Cooper Confirms 200MM Barrels of Oil in Place Offshore Tunisia

Bargou Prospecting Permit
(Click to Enlarge)

Following conclusion of the conceptual field development plan for the Hammamet West oil field in the Gulf of Hammamet, Tunisia, Cooper Energy is pleased to announce:

Field estimated to contain over 200 million barrels oil in place (P50).

  • Contingent resources of 49 million barrels of oil (P50).
  • Plans are underway to acquire 175 km2 of 3D seismic to enhance the structural and reservoir definition.
  • Horizontal appraisal well required to test Abiod carbonate productivity.

The Hammamet West Oil Field was discovered in 1967 by the Hammamet West-1 exploration well, which discovered 7 meters of oil on rock in the Birsa sandstone formation. In 1990 the Hammamet West-2 appraisal well discovered a further 192 meters of oil in the deeper Abiod carbonate formation. The Abiod was production tested and 33° API oil was recovered but the reservoir was deemed to be tight. A review of the well test has indicated that the Abiod was tested by cementing in the production casing, which is not considered to be prudent production practice for a reservoir that depends on natural fractures for productivity. Evaluation of the Hammamet West-2 core and image logs demonstrate that natural fractures do exist in the Abiod and a well drilled with the appropriate drilling technology may produce at economic rates.

Hammamet West Oil Field

The Hammamet West Oil Field lies wholly within the Bargou Exploration Permit, Gulf of Hammamet, Tunisia, which Cooper Energy was awarded in 2005. Cooper Energy is the 100% owner and operator of the permit.

At the Hammamet West location the water depth is approximately 50-60 meters and it is expected that 10-15 million barrels of recoverable oil will be the minimum field size that can be economically developed.

Worley Parsons was contracted to assist Cooper Energy to screen the development options for the field. At this time it is expected that the field would be developed using a small not normally manned platform, which would export oil and gas to an onshore plant via a multi-phase pipeline. The onshore plant would export gas to the local market and oil via an offshore loading buoy. Development costs would be in the order of US$250-US$430 million (100% Joint Venture), depending on the size of the development.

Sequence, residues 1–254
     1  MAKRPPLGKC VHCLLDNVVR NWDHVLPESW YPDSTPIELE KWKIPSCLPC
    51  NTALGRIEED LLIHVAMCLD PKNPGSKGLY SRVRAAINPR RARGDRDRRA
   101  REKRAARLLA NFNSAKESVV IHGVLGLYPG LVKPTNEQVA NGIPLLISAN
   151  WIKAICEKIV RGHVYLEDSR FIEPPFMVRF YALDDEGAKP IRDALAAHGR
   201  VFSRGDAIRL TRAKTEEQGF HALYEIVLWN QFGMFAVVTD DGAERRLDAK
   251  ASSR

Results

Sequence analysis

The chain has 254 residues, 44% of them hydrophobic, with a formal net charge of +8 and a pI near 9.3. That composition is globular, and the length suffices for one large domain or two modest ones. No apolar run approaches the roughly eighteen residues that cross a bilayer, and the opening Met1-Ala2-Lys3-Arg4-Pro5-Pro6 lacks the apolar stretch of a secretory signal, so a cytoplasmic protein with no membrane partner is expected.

This development plan is conceptually similar to that employed by ENI who are currently developing the Maamoura field (10km south of Hammamet West), which also produces oil from the Abiod formation.

To efficiently and effectively appraise the discovered oil field, new 3D seismic data is required. The new data is required because the field currently has limited 2D seismic coverage and the majority of the existing seismic lines are poor quality paper sections. New high resolution 3D seismic is expected to enable Cooper Energy to define the internal reservoir architecture (areas of good reservoir quality and natural fracture occurrence), to tighten up the field structural understanding and to accurately locate a Hammamet West-3 appraisal well.

To pursue these evaluation goals and following conclusion of a competitive tender process, Cooper Energy expects in the very near future to award a contract for a 175 km2 high resolution 3D seismic survey to CGGVeritas. The seismic acquisition and processing is expected to cost approximately US $1.8 million and acquired in December 2009. It is expected that following the acquisition, processing and interpretation of the new high resolution 3D seismic, a Hammamet West-3 appraisal well will be proposed. The well has four objectives:

  • Delineate the Hammamet West structure updip from the HW-1 and HW-2 wells.
  • Delineate the Birsa Formation to better understand the range of the oil in place volumes.
  • Delineate the Abiod Formation to better understand the range of the oil in place volumes.
  • Demonstrate the productivity of the Abiod Formation by undertaking an open-hole production test in a horizontal well.

A Hammamet West-3 well and test has been designed by IPSAA drilling consultants in Perth and is expected to cost around US $20-30 million, depending upon the rig rate prevailing at the time. The shallow 50-60 meters water depth at this location means that a relatively low cost jackup drilling rig can be used.


Mr. Michael Scott, Managing Director of Cooper Energy, said, "We are very pleased that our on-going geoscience work on the Bargou Exploration Permit has resulted in the identification of a large discovered oil volume. The key now will be to appraise this oil volume in a timely and considered manner. The critical factor in our appraisal work will be to prove that the Abiod formation can produce oil at commercial rates. Should the appraisal work be successful then we could be sitting on a substantial hydrocarbon resource."



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